Book review: The Story of Charlotte's Web by Michael Sims

The Story of Charlotte's Web by Michael Sims Bloomsbury, 320pp, £16.99

A PIG. A spider. An eight-year-old girl. A conniving rat. This bald list of ingredients makes Charlotte's Web sound mundane, but from its exciting opening line, "Where's Papa going with that axe?", EB White's tale of barnyard life sucks readers in as nimbly - and irrevocably - as a spider's filaments do flies.

Michael Sims, author of the bestselling Apollo's Fire: A Day on Earth in Nature and Imagination, has written the gentle loving book White deserves, for he was both those things, and more. White was one of the finest prose stylists ever, a man who, in his long career, working, most notably, for the New Yorker and Harper's, never composed a dud sentence.

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On a trip to Maine, Sims toured the farm where White and his wife, Katherine, had spent most of their married life. He realised that everything described in Charlotte's Web was real - the rope swing, the layout of the barn and much more. He was inspired to write The Story of Charlotte's Web to explain how this book came to be written, and how White became the sort of man who was happiest watching animals.

White grew up in some splendour in Mount Vernon in Manhattan. From an early age he was and prone to long, solo sojourns exploring woodlands and meadows. "Often his mind stayed outside even when his body was in the house," writes Sim. White's favourite books were by naturalists such as John Burroughs, John Muir, and Ernest Thompson Seton. Soon he was writing, too. His first poem, which paid homage to a mouse he'd offered sanctuary, was published in 1909, when he was ten. After graduating from Cornell, White moved to New York and began submitting light verse and humorous pieces to newspapers and magazines. He was a huge fan of Don Marquis's Archy - poems "written" by a cockroach who typed by dive-bombing the keys, often featuring his feline friend, Mehitabel, who bragged that she'd been Cleopatra in a past life.

White met his wife when he joined the New Yorker. She was one of its most respected editors, and nurtured the fiction of writers from Mary McCarthy to Vladimir Nabokov. On the pages of the magazine, White developed a reputation as a chronicler of everyday life. "Finally he had a venue for airing his observations of the city's miniature dramas, its sparkling elevators and dustbin alleys, its quiet and largely unnoticed wildlife."

Fast forward to the 1940s, and the Whites were dividing their time between a farm in Maine, and a flat in Manhattan. In Maine, White tended the animals and working the land. His first book for children, Stuart Little, published in 1945, concerned a very tiny boy who was not a mouse, but looked exactly like one. It had been written over many years, mainly to entertain his family and local children. It was a huge hit, and marked the first time that White would collaborate with Garth Williams, thus launching the younger man on a stellar career of his own.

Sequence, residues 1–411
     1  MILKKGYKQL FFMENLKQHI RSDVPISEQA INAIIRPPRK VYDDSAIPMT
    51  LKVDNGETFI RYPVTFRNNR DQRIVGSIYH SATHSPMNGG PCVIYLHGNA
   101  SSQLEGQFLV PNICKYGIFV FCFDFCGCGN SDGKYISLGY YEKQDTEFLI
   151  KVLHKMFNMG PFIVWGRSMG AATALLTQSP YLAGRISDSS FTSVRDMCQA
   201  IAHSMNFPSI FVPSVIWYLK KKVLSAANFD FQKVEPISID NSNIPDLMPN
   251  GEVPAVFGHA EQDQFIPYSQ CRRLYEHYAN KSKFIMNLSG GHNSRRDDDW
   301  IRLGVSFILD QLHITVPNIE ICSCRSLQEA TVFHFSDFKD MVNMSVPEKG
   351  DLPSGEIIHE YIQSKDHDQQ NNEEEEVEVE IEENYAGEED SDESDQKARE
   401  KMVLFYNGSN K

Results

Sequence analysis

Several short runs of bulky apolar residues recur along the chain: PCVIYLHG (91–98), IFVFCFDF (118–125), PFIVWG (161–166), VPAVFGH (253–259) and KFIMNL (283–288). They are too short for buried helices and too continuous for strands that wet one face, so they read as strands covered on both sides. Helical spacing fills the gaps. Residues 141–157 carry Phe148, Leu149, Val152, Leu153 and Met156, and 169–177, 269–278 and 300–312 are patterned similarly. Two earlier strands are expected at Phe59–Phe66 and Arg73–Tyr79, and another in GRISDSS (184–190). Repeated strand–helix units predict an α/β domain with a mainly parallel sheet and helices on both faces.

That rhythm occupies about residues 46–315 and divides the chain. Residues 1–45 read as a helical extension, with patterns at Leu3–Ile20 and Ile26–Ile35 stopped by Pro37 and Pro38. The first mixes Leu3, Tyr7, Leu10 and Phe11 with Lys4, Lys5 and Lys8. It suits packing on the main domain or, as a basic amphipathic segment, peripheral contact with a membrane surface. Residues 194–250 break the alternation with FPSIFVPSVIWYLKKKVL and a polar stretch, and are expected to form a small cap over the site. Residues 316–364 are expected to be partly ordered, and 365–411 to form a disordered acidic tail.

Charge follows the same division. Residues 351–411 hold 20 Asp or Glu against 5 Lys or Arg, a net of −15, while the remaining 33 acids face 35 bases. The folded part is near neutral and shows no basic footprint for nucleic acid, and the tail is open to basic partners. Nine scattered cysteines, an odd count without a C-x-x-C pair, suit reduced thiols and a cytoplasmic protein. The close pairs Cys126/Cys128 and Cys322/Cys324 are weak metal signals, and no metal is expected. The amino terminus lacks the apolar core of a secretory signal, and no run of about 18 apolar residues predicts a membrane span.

Sims describes how White's preoccupations on the farm bled into his work. For instance, White raised animals, but was always troubled about having to butcher them for food. "I do not like to betray a person or a creature," he explained.

He conceived his story about a pig and a spider as a celebration of friendship, though every now and again I find myself viewing it as a satire on the fine art of public relations. One of the reasons for its success is that, like its author, the novel never talks down to children, confronting them with everything from the life cycle of a year in farming to the way a spider sucks the blood out of its prey, and the death of the novel's title character.

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Children loved the book, and so did critics. Eudora Welty deemed it "was perfect for readers over the age of eight or under the age of eighty". PL Travers, the creator of Mary Poppins, cited the novel's "tangible magic". It is fitting, then, that there is so much to celebrate in Sims's book. His own descriptions of nature are evocative and subtle, and he probes at White's psyche without raking him over the coals. Fans of the New Yorker's heyday will find much to enjoy, and there is an enlightening introduction to such luminaries as children's book editor and "a promising young man named Maurice Sendak" .

Equally engaging are a wealth of small details - how Wilbur got his name, how Charlotte's species was selected, how White overcame his aversion to rats, to create the wonderful character Templeton, and even how he chose the words that Charlotte would spin to save Wilbur's bacon. White fans will savour this, as will anyone wondering how an author is made, and how a book comes to life.